People in small groups naturally handle their own talking initiative and stop to hear others as they speak or as their names are called out. When a name is called everyone will remain silent and focus their attention on that person. So, people with interesting ideas naturally go first, people who become the focus of the action go naturally in their turn and all the time spent by players hesitation practically dissapears.

    Often in D&D and RPGs with boardgamey combats somebody in our group of players will naturally lose focus and fidget their phone or start a conversation while their turn comes, instead of paying attention to the action or thinking their strategy. It doesn't happen to everybody but someone will eventually do it. However using this procedure it has never happened to me. People keep their focus naturally as the conversation never stops and things keep happening.

    Which takes me to the other main improvement to my preferred gaming style, which is making the monsters act whenever a player misses a roll in AW style. Except that then I never interrupted the game to check for the moves, but go with whatever sounded reasonable, cool and/or fit the world better. I Didn't dare to try all this in D&D since it makes action economy feel the less organic part of the game and everything in D&D is linked to it (class features, spells, attacks, actions, etc) But to me it sounds like you managed to fix 5e combats :D yay!

    Also, the less eye contact you have with the players while using this trick, the worse, more messy and slower it becomes. Looking down to write or check things not only makes your brain switch gears from action in the fiction to bookkeeping but it's also distracting for the players, so next you will all need to switch your focus back to the fictional world. It's barely an effort and you can say that it takes no time compared to usual boardgamey roleplaying, but it's enough to add road bumps.

    That's why tapping works much much better than keeping track of things by writing in this playstyle. Whatever you can do without looking at it directly or lowering your head so much that it completely breaks eye-contact is the way to go in this playstyle.
  • I dont understand how anybody wouldn't grab the gun first but if y'all say it works, I'll try that and report.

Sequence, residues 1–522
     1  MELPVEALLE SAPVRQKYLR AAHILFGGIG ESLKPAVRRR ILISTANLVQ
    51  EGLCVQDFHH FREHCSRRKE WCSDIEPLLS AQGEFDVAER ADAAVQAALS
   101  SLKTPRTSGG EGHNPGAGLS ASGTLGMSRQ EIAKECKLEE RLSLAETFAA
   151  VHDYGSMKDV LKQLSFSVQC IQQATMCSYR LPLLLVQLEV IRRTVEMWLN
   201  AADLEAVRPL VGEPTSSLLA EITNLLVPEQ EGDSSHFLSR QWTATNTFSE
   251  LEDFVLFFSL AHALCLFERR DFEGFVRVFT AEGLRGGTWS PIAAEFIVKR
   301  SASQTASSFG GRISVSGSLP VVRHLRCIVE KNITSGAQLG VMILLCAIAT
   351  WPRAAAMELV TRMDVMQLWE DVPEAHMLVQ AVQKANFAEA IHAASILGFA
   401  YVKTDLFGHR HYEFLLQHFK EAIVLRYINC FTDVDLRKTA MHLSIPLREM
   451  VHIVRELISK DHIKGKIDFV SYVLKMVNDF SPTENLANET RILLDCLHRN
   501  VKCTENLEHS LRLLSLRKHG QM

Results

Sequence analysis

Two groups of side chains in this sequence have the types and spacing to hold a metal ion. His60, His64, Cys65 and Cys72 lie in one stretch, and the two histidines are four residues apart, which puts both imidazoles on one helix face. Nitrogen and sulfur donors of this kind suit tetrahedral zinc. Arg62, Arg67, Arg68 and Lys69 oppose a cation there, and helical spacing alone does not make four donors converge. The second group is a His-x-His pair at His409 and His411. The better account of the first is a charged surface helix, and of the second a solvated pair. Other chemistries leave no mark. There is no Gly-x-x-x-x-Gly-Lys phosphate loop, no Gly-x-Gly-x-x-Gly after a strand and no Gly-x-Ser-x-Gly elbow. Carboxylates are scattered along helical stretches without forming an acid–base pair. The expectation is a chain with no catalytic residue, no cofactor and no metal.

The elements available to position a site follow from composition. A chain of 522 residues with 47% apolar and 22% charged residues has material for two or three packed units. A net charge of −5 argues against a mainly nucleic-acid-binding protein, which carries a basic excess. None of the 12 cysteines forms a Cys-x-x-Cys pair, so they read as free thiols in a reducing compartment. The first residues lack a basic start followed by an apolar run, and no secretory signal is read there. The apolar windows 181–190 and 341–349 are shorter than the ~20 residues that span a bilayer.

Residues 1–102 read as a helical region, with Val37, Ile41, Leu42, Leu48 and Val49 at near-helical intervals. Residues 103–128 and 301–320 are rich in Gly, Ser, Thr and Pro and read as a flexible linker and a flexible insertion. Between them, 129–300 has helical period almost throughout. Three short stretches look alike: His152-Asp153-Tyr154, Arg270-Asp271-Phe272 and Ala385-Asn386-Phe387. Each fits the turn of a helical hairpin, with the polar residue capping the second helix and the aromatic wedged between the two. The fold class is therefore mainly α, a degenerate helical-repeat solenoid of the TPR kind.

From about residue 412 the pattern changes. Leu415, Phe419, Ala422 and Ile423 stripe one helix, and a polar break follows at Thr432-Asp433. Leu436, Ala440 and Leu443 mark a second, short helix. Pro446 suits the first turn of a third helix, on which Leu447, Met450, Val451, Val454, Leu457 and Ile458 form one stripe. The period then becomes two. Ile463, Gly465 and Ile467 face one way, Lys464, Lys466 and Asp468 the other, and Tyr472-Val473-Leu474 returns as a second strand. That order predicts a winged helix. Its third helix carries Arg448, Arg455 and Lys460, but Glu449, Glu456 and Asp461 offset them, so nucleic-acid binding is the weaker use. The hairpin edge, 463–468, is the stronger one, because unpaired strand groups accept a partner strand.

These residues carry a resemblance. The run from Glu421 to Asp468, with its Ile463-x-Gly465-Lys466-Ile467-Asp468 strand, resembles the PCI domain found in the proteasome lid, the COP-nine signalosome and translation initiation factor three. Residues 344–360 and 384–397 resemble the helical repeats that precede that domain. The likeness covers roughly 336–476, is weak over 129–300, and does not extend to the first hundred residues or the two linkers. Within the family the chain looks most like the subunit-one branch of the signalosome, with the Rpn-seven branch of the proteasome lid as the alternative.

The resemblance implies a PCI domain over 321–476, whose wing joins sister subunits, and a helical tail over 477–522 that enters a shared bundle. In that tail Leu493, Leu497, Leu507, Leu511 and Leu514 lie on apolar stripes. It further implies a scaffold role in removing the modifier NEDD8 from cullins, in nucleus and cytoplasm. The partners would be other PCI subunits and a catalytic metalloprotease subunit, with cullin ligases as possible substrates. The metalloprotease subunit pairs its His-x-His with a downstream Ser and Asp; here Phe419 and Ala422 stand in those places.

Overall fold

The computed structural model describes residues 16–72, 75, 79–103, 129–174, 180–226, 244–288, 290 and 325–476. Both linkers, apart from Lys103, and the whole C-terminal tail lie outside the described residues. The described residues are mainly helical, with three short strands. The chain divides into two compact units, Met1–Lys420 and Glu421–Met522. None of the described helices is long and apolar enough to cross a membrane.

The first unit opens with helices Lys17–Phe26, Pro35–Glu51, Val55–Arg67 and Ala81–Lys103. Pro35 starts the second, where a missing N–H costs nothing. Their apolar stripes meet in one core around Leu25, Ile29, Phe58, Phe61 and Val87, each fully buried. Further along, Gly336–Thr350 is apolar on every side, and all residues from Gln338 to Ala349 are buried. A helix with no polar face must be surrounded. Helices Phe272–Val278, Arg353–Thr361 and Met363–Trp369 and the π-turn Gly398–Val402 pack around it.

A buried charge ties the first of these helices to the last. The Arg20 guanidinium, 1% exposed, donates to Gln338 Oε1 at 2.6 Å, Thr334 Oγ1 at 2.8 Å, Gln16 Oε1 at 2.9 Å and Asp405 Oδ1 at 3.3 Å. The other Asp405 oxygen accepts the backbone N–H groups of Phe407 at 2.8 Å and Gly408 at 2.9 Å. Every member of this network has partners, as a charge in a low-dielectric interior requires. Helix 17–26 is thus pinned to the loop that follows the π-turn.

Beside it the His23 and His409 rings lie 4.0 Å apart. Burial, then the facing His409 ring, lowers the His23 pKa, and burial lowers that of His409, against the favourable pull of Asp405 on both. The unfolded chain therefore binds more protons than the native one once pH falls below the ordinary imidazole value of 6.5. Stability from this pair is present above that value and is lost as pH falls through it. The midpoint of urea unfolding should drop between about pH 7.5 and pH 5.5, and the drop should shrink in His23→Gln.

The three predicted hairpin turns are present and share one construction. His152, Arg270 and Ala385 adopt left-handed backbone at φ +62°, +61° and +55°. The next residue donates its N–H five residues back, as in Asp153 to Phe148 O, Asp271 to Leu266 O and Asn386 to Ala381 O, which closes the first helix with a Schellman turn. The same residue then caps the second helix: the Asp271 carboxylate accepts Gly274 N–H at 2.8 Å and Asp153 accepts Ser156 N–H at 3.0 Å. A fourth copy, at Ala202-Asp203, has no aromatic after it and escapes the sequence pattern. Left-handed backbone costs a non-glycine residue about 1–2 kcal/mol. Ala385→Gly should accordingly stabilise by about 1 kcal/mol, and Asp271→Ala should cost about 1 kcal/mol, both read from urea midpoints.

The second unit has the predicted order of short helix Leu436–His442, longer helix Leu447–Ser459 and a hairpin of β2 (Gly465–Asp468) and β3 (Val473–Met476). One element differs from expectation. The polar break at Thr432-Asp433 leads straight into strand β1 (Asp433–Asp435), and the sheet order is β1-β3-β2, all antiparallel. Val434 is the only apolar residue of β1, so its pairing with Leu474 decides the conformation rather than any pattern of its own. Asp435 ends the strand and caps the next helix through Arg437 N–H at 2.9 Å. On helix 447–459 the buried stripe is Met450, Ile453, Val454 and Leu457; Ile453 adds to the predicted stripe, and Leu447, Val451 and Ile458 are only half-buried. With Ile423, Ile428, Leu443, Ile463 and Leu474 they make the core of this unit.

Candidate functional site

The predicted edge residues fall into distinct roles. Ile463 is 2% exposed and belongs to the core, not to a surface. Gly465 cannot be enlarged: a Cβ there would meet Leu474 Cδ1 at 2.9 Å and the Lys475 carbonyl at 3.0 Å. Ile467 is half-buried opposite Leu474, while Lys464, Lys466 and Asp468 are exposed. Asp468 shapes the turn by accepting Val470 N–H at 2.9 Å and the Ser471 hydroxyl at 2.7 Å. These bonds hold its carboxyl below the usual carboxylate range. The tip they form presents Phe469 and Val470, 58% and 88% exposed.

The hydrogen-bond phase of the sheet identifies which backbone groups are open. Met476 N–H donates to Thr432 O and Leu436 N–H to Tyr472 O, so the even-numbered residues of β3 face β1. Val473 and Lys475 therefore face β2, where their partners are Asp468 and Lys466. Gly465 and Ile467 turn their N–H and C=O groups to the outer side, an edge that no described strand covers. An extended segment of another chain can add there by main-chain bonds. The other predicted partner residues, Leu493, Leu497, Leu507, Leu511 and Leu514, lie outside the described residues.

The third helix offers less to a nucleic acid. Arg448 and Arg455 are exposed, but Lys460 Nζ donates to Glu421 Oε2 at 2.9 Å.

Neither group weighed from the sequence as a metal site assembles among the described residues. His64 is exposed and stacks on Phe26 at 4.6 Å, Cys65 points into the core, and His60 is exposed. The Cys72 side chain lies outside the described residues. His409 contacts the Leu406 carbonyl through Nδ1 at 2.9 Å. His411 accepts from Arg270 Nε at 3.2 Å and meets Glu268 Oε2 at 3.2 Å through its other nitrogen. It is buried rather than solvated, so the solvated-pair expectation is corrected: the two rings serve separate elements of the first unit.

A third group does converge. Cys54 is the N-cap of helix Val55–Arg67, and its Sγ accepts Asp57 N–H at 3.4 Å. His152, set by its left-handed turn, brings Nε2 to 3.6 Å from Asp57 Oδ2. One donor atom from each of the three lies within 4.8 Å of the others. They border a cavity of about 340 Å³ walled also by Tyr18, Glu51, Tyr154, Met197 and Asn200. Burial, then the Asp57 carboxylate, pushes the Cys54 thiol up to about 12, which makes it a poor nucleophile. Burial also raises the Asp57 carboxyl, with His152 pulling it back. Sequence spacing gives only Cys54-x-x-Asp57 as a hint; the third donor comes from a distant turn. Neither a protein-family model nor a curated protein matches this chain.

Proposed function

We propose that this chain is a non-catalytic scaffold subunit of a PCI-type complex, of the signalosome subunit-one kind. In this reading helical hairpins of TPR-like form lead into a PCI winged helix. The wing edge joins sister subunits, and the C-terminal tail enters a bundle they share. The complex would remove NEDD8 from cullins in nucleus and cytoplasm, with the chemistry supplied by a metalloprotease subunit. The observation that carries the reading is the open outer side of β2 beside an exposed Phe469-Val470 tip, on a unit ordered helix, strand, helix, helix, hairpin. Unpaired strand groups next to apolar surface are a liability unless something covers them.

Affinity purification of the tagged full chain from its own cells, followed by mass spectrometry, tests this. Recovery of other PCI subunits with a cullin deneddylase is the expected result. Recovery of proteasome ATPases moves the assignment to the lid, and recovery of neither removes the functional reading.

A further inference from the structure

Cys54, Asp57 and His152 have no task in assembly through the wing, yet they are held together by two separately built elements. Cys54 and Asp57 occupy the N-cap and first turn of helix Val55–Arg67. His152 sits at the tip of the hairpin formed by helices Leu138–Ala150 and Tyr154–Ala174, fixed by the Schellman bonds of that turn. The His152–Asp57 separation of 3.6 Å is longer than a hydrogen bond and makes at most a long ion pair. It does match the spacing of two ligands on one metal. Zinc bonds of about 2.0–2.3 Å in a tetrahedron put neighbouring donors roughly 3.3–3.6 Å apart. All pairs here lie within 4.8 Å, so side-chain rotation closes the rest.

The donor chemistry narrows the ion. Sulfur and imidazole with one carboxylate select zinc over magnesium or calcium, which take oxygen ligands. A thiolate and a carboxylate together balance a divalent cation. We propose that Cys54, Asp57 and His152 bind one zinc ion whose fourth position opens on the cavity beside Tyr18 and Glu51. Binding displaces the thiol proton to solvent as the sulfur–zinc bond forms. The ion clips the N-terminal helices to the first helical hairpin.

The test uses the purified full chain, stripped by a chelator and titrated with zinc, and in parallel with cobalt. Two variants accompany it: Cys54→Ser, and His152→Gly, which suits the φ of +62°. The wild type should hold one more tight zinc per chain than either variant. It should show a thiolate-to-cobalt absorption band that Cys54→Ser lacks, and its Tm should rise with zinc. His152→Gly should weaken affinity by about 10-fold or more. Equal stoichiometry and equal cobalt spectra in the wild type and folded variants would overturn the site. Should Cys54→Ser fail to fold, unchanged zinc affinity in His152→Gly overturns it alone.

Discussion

• DeReel said:

    I dont understand how anybody wouldn't grab the gun first but if y'all say it works, I'll try that and report.

    In PvP they would. This works best for PvE
  • Adam_Dray said:

    Yeah, them writing their position on a board serializes the data collection problem and makes it I/O-bound. Mine parallelizes it and makes it CPU-bound. The sorting is super fast if done on cards, so it doesn't matter if that part is single-threaded.

    So if we count ops and see which are parallelized in the two implementations, noting parallelizations with [brackets], and random-order (which is faster than serial but slower than parallel) with (parentheses). (Random-order) can't be simultaneous, but [parallel] can.

    1.
    (You hand Alice her card.
    You hand Brute her card.
    You hand Conan his card.
    You hand Devil her card.)

    [Alice rolls her number and writes it on a note.
    Brute rolls her number and writes it on a note.
    Conan rolls his number and writes it on a note.
    Devil rolls her number and writes it on a note.]

    (Alice hands you her card.
    Brute hands you her card.
    Conan hands you her card.
    Devil hands you her card.)

    You sort the cards.
    You're done, it's sorted.

    2.
    [Alice rolls her number.
    Brute rolls her number.
    Conan rolls his number.
    Devil rolls her number.]

    (Alice says her number and you write it on that number's line.
    Bob says her number and you write it on that number's line.
    Conan says his number and you write it on that number's line.
    Devil says her number and you write it on that number's line.)

    You're done, it's sorted.

    Looks faster to me.

    Well... this doesn't tell the whole the only way to see which is fastest is to test with some sorta clock. What feels fast can sometimes be just as valuable as what is fast, as long as it's the groups feeling that is taken into account rather than the DM.

    Anyway, I've done neither of these since 2014. But I really prefered the second method then.
  • The whole countdown/calling method is way worser T_T
    "anyone on 20-25" etc
  • They get their cards back after combat. That bit of IO doesn't slow down initiative. And you're adding a synchronization step that isn't there. I don't wait for everyone to write their initiatives on cards before collecting cards.

    And it's more:

    A.
    DM calls for initiative.

    B.
    [Alice rolls her number and writes it on a note and hands it to the DM.
    Brute rolls her number and writes it on a note and hands it to the DM.
    Conan rolls his number and writes it on a note and hands it to the DM.
    Devil rolls her number and writes it on a note and hands it to the DM.]

    C.
    You sort the cards.
    You're done, it's sorted.

    D.
    Run combat.

    E.
    DM drops the four cards on the table and pushes into the next bit of play.

    F.
    [Alice takes her card.
    Brute takes her card.
    Conan takes his card.
    Devil takes her card.]